At least 24 people, including children, died Tuesday after a ferry ran aground off the coast of Indonesia, officials said, as rescuers raced to save scores of other passengers still missing or stranded aboard the vessel in rough seas.
The deadly incident came on the same day authorities officially called off the search for more than 160 people still missing after another ferry sank on a popular tourist lake in Sumatra two weeks ago.
Images from the latest accident showed passengers clinging to the side of the KM Lestari as it listed in waters off Sulawesi island, while other passengers floated in the sea awaiting help.
The ferry ran aground about 300 metres (985 feet) from the coast, Indonesia's transportation agency said, as waves swamped trucks and other vehicles on the boat's deck before they plunged into the water.
Twenty four bodies have been recovered, with 74 survivors, but 41 people have not yet been accounted for, said Sutopo Purwo Nugroho, a spokesman for Indonesia's disaster management agency said.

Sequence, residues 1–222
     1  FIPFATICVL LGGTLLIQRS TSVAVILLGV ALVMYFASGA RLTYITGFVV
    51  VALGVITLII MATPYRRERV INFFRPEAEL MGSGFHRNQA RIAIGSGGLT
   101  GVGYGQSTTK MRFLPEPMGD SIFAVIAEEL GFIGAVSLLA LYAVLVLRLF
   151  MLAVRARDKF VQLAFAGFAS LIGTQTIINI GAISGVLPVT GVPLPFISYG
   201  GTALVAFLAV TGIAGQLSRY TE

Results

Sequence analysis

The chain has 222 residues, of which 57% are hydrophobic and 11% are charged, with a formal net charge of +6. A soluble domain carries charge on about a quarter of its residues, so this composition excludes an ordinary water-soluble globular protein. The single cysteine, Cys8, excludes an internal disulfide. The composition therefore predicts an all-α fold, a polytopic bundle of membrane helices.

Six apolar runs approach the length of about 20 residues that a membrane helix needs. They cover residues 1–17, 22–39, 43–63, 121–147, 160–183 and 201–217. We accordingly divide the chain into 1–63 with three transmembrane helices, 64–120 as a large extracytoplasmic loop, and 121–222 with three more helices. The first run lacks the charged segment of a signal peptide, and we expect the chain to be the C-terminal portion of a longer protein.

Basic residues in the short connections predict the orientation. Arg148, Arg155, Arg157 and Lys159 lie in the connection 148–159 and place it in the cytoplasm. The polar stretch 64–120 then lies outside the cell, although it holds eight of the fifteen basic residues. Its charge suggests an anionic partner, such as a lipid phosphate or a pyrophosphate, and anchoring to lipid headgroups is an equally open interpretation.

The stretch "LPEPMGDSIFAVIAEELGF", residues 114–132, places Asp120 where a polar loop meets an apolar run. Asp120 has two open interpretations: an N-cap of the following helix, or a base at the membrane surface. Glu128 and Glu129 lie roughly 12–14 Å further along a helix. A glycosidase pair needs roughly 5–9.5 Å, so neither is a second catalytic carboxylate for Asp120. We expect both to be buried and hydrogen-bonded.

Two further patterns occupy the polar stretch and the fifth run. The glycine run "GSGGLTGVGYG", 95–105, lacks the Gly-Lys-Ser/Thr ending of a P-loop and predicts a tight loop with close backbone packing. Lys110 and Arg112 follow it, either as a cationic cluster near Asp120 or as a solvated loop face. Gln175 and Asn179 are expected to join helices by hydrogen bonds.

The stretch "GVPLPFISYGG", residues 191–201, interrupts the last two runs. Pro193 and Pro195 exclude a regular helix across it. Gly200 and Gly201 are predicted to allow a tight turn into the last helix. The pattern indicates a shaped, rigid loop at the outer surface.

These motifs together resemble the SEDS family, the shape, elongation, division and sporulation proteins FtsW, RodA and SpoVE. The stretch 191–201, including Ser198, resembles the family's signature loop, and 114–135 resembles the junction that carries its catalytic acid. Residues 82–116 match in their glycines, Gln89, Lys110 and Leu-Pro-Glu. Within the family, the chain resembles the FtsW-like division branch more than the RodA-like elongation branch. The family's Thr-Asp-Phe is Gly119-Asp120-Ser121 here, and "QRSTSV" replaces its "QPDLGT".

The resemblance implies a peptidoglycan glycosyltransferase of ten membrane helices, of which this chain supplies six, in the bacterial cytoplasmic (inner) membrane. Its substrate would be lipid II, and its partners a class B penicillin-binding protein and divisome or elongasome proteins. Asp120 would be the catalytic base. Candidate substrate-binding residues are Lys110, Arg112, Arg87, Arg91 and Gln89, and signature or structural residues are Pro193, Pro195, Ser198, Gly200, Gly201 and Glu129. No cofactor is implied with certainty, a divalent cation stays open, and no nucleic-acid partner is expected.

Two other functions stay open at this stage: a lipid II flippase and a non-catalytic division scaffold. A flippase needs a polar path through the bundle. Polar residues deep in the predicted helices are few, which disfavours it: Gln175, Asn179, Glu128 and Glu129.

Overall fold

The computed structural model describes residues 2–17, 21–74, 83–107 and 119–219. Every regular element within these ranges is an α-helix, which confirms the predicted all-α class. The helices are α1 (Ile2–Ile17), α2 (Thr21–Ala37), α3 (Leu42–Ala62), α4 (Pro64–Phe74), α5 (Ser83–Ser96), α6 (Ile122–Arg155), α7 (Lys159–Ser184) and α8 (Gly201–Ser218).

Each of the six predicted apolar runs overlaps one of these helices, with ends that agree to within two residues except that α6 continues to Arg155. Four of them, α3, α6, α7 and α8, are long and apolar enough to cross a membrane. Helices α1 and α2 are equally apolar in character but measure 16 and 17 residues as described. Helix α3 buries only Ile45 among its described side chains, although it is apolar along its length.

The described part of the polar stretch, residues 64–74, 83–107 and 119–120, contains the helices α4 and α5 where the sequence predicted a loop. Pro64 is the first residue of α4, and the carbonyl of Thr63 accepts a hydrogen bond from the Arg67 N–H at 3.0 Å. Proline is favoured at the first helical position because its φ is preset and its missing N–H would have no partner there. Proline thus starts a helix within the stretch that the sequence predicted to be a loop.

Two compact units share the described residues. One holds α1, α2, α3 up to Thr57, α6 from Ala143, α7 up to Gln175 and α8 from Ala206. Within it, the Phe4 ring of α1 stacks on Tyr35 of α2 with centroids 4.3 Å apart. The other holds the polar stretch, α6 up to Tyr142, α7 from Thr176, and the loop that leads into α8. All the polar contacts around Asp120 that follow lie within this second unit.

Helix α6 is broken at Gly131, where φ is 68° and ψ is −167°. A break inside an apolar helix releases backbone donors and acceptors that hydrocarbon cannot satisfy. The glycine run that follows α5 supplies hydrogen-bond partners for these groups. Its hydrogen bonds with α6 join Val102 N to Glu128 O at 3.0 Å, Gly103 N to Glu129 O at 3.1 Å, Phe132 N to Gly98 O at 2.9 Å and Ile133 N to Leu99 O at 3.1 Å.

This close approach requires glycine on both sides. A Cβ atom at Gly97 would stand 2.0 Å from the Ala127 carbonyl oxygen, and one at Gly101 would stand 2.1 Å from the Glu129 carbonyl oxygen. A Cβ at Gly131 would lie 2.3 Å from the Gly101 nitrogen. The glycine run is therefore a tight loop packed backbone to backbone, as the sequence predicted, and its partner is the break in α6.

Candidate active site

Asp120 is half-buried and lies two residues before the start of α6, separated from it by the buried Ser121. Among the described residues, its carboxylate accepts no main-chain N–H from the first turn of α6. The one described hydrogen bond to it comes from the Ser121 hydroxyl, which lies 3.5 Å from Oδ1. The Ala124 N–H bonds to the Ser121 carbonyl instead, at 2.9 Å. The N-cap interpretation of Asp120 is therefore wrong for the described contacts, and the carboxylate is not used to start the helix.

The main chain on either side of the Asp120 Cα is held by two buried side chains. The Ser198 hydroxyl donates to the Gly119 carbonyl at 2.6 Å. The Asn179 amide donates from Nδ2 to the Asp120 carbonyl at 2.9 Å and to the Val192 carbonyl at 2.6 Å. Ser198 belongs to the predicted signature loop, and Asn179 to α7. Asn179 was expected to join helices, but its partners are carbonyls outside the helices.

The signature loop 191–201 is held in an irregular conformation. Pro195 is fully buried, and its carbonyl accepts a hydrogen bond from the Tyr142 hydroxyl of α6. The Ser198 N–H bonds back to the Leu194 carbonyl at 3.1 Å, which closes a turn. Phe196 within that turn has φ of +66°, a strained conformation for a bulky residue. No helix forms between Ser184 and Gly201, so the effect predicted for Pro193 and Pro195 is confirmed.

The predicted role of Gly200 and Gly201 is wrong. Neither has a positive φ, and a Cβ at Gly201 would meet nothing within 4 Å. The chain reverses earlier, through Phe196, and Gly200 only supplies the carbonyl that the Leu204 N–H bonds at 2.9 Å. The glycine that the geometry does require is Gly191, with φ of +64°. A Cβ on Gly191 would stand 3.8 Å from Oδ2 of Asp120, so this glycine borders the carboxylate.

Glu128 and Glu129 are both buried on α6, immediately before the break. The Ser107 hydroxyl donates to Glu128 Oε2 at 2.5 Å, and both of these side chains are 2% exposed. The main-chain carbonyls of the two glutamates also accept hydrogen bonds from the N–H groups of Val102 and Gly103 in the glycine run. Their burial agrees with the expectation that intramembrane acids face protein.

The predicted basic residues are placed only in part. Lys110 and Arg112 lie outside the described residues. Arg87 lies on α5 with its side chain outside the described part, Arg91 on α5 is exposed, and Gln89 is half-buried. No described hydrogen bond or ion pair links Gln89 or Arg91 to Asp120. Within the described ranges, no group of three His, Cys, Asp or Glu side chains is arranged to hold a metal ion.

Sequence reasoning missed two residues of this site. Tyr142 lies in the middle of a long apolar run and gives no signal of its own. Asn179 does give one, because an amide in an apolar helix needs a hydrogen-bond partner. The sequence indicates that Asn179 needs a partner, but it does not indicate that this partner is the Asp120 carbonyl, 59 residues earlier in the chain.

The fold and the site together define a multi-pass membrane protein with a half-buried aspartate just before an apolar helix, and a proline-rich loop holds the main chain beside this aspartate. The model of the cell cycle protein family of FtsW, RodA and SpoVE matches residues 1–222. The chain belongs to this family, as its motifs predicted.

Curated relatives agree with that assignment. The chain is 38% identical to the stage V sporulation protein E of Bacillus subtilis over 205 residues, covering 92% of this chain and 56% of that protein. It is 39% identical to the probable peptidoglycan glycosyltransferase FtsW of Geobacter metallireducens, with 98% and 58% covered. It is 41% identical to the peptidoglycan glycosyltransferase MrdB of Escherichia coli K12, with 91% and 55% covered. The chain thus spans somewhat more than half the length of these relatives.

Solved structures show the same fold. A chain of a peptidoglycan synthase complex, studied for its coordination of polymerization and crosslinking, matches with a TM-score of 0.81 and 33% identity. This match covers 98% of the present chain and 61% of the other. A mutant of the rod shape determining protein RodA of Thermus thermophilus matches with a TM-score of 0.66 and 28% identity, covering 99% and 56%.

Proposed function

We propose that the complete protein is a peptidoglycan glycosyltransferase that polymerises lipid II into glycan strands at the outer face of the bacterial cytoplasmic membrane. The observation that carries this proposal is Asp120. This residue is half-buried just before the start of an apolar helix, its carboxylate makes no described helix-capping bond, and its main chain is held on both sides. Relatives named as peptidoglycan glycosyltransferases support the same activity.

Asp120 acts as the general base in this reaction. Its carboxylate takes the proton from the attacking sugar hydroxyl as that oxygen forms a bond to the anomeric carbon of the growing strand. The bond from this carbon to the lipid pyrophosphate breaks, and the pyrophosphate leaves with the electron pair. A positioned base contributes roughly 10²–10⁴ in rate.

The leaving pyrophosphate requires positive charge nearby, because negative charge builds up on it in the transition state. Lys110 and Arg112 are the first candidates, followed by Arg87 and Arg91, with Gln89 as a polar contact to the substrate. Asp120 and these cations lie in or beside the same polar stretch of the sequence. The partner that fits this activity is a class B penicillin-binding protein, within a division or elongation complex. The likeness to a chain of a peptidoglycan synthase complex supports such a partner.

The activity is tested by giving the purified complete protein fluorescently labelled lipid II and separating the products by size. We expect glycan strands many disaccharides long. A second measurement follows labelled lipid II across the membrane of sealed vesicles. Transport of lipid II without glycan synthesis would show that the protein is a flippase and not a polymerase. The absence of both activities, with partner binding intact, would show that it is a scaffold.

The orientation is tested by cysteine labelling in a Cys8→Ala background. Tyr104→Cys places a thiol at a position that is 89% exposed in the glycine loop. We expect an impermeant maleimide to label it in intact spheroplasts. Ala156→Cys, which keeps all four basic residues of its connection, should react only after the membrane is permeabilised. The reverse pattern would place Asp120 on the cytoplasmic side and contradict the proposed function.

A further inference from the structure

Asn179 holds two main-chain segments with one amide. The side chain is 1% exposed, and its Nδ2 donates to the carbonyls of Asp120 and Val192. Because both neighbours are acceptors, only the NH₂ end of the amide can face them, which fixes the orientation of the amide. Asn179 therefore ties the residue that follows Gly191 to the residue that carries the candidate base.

"Some passengers are still on board because of the rain and high waves," Nugroho said in a statement.
"The evacuation is ongoing."
A total of 139 people and 48 vehicles were listed in the ship's manifest.
A fleet of smaller boats, including local fishing vessels, was working to save passengers as bad weather prevented larger craft from approaching the stricken ferry, the transportation ministry said.
It added that passengers had been wearing life jackets.
The 48-metre vessel was sailing from Sulawesi to nearby Selayar island when it ran into strong winds and high waves.
Deadly maritime accidents are not uncommon in Indonesia, where many people depend on boats to get around the 17,000 island archipelago nation despite lax safety standards.